Taxonomy: Species splitting puts conservation at risk

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A worrying trend over the past decade has been the taxonomic splitting of mammal species, mostly by raising subspecies to species. Because of its potential bearing on conservation, we advise caution in this practice, which we maintain should be based solely on peer-reviewed evidence of biological validity.

This trend is mainly the result of a shift from the biological to the phylogenetic species concept. The biological species concept holds that species are groups of (actually or potentially) interbreeding populations. The phylogenetic species concept and its variants, by contrast, define species either as the smallest cluster sharing genetically transmitted characters, such that all individuals are unequivocally diagnosable on the basis of those characters, or as monophyletic assemblages. In these, all individuals sharing a common ancestor belong to one species, with common ancestry inferred on the basis of shared derived characters (see, for example, C. Groves and P. Grubb Ungulate Taxonomy Johns Hopkins University Press, 2011).

As well as confusing the functional meaning of a species, taxon splitting could be detrimental to conservation. If threatened species are incorrectly split into several units and managed as such, for example in captive breeding or meta-population management, there could be unnecessary loss of genetic variation and an increased risk of extinction.

Such newly designated species call into question the suitability of Red List assessments and the legality of species identified under national laws and international agreements. It is vital to identify true species as conservation units, based on adequate sample sizes and on information pertaining to genetics, morphology and behaviour.

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  1. Natural History Museum Vienna, Austria.

    • Frank E. Zachos
  2. On behalf of 6 co-signatories (see Supplementary Information).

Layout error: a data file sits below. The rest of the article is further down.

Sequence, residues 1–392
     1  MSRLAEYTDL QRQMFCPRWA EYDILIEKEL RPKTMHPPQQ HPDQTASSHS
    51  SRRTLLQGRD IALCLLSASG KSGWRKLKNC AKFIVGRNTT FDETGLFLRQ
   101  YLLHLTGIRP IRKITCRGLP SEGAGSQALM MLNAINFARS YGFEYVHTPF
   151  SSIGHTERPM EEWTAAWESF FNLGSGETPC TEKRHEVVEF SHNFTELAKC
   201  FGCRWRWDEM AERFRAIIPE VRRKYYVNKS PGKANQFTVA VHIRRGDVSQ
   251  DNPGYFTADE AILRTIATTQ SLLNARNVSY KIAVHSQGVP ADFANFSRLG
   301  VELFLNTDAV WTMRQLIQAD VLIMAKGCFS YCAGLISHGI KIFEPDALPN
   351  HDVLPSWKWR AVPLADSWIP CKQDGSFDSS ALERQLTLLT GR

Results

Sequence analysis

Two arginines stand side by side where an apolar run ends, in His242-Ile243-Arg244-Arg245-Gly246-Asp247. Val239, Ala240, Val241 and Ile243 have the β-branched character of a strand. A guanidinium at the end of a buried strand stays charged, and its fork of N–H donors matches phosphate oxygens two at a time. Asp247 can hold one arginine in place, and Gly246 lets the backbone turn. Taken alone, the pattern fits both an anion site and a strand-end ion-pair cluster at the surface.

• Frank E. Zachos

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  1. Report this comment #54862

    Yael Visser said:

    Threatened species are usually managed in a manner to protect the evolutionary significance of a group. Any group that is deemed a phylogenetic species would most likely already be managed as a separate group. Splitting species does not harm conversation efforts. It just puts species classification and management programs on the same footing.

  2. Report this comment #55601

    Peter Uetz said:

    It's not exactly true that "phylogenetic species would most likely already be managed as a separate group". Just take a look at the IUCN Red List. For instance, only a fraction of all reptiles are covered by the Red List and many of them are data deficient. At the same time, lots of reptile species get split up, so that conservation is lagging way behind the taxonomy. Also, lots of them get split up because of some "genetic" differences without any evidence that they are really reproductively isolated. It's easy to define "phylogenetic" species based on a bunch of sequences, but how would you protect such species? You cannot sequence each specimen in order to determine whether it's worth protecting.

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